The Monotony of Science

Sample SK-20.57.99: NOTHING FOUND.

A dark skinned woman in a white lab coat loaded a new slide into the machine next to her desk.

Sample SK-20.57.100: NOTHING FOUND. 

The woman, Dr. Suzie Kebede, removed the slide with the now analyzed liquid sample from the microscope and loaded in a new slide containing a different liquid sample. Once the glass slide was secured in place, she initiated the electronic scanning sequence of the multi-functional microscope. Of the three monitors on the desk, the leftmost one showed the execution statuses and results of the electronic scans. Suzie performed her visual inspection of the sample using the center monitor. After studying the sample in all available views and reading through the result of the electronic scans, she entered the overall result of the analysis into the computer program displayed on the far right monitor. 

Sample SK-20.57.101: NOTHING FOUND.

The entire process from the point the sample was loaded into the microscope to when the results were entered into the computer took no more than three minutes.

Sighing, Suzie leaned back into the office chair, took off her glasses, and rubbed tired eyes. Swirling herself around, she looked out the long, rectangular window that took up the majority of the outer facing wall of the lab. Jupiter currently took up a full third of the window. Suzie immediately spotted the Little Red Spot just north of the equator and east of the Big Red Spot. The LRS storm began forming a little over two hundred years ago and had been growing steadily ever since, outgrowing the BRS a few decades ago.

Staring thoughtfully out the window, Suzie’s mind slowly drifted towards her work. Twenty years, fifty seven days, and millions of samples analyzed over all that time by dozens of researchers. Unfortunately, even with all those samples analyzed, no lifeform, single-celled or otherwise, had been found. Suzie had been around for eighteen of those twenty years. She had long ago stopped keeping track of how many samples of Europa’s subsurface ocean water she had personally analyzed over the years. The software system they entered all of their findings into, or lack there off, kept track of that number. At some point, Suzie could not remember when exactly, she had stuck a piece of opaque tape to the leftmost monitor to cover the area where the computer program displayed that number. Not having to constantly look at the number made her days a little more bearable and it had eventually stopped invading her dreams. The only number she consciously kept track of was the daily tally of samples analyzed, and that was only because it determined when she could get off work.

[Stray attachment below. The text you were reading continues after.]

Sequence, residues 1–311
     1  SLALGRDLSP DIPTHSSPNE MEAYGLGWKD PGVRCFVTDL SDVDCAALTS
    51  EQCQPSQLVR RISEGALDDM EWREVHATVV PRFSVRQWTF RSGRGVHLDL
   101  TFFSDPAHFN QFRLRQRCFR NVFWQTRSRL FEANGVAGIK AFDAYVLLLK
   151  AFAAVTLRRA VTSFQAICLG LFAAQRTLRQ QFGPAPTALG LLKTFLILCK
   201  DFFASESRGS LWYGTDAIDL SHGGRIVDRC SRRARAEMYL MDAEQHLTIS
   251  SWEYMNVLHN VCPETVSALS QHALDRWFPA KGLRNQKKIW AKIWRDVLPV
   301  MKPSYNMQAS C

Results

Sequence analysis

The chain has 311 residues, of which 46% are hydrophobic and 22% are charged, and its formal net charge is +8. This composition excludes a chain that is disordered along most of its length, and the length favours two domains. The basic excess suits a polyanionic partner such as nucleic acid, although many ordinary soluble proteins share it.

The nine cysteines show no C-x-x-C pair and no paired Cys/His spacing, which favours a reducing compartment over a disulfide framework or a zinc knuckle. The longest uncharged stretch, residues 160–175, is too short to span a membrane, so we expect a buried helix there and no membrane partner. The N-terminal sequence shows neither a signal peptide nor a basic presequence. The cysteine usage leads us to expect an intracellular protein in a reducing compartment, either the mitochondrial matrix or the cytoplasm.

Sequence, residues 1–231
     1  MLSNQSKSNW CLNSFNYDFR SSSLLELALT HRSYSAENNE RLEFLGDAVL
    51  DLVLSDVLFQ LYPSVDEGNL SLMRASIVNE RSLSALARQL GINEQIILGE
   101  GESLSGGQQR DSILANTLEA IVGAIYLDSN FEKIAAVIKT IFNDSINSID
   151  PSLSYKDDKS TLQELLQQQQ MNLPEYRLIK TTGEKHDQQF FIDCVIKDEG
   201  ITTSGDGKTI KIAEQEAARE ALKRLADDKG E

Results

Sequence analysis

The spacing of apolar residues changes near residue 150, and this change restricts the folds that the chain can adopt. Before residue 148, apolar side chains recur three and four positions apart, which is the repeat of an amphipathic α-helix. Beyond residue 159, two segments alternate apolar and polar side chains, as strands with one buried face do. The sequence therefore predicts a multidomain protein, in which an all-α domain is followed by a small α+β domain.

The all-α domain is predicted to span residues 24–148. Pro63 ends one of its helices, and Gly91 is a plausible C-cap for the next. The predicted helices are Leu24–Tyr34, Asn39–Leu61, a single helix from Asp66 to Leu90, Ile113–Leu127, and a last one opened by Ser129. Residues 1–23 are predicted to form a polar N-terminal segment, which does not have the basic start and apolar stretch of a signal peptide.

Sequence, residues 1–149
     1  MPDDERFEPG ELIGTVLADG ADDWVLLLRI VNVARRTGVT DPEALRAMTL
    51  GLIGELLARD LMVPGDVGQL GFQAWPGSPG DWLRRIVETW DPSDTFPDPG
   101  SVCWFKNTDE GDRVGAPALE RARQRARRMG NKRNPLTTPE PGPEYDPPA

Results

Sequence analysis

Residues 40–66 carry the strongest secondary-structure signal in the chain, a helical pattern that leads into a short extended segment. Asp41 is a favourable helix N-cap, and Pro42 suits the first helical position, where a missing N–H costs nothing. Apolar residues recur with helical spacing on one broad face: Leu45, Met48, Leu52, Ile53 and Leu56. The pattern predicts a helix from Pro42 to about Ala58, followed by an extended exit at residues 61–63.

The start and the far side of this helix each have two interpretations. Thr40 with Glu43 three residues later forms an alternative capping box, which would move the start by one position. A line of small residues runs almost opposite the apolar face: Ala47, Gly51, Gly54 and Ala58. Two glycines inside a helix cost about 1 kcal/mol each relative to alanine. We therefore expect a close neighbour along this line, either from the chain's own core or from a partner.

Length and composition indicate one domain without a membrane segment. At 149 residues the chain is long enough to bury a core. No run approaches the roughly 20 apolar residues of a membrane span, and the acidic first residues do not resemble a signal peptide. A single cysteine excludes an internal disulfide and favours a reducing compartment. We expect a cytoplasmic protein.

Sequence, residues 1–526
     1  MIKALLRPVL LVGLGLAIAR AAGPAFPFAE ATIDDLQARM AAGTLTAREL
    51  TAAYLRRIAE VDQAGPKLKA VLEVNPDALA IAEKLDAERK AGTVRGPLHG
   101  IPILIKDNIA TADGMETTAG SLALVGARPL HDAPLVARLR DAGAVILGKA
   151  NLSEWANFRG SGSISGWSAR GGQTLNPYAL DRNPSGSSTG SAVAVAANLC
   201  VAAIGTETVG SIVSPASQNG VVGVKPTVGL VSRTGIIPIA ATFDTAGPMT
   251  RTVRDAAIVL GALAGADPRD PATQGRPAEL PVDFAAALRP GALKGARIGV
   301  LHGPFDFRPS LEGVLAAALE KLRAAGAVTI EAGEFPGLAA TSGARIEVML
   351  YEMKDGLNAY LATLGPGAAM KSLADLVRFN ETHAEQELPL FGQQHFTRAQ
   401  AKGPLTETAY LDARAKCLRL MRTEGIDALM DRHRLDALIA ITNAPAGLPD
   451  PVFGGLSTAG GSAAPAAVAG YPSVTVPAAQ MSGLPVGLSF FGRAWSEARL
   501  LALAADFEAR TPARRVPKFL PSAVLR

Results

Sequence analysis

Of course, after becoming the Principal Research Scientist for the Europa Life Discovery Project six years ago, Suzie did have to lookup how many samples she had analyzed at least once a year in order to put it in the annual report that got sent off to the Biology Department’s Research Review Board at Lunetta University back on Luna. She also had to lookup the total number of samples analyzed since the projects inception, which was a whole other level of groan inducing depression. She rarely slept well during the weeks following the creation of that report.

With very little to show after eighteen years of research, Suzie had been struggling with how she felt about her career searching for life in the liquid waters of Europa. Suzie had been filled with excitement when she first learned of the Europa project during graduate school. Back then the project was being lead by a group of scientists that were leaders in the field of astrobiology and it had a huge budget from a well respected university. Many people had talked about how within three years lifeforms would be discovered on the Jovian moon. Some had even believed the discovery would come sooner than that. As a young astrobiologist with a freshly minted PhD, the project was everything Suzie could have hoped for following the conclusion of her formal education. When she had been brought on as a postdoctoral research assistant, she had tackled her work with enthusiasm and what had seemed like endless wells of energy and optimism.

Fast forward eighteen years that had included half a dozen budget cuts, three new lab spaces, and no lifeforms found, and Suzie found those wells were nearly all dried up. Now, she felt as if she were running on fumes. Her work had become dull and routine. She came into work, got through her daily quota of two hundred analyzed samples, and then gladly went home. Rinse and repeat the next day. At this point Suzie basically functioned like a simple automaton. She had long ago stopped getting up in the morning optimistically thinking to herself, “Today is the day we find something!” Now, usually after staring up at the dark gray ceiling of her bedroom for ten minutes, she thought, “Okay, let’s get this day over with.”

Suzie could not recall exactly when she began losing her passion for her research, and, if she was honest with herself, science in general. It just kind of happened as time went by. Like water slowly carving away earth to form a river, the day to day grind of her job eroded away the childhood born passion Suzie once held for scientific inquiry and discovery. As she gazed out at Jupiter and the vast cosmos that stretched on beyond it, Suzie could not help but feel sad for that loss. She longed for the days when the search for alien life had been filled with wonder and intrigue. The bright stars and planets had never appeared so lifeless to her before.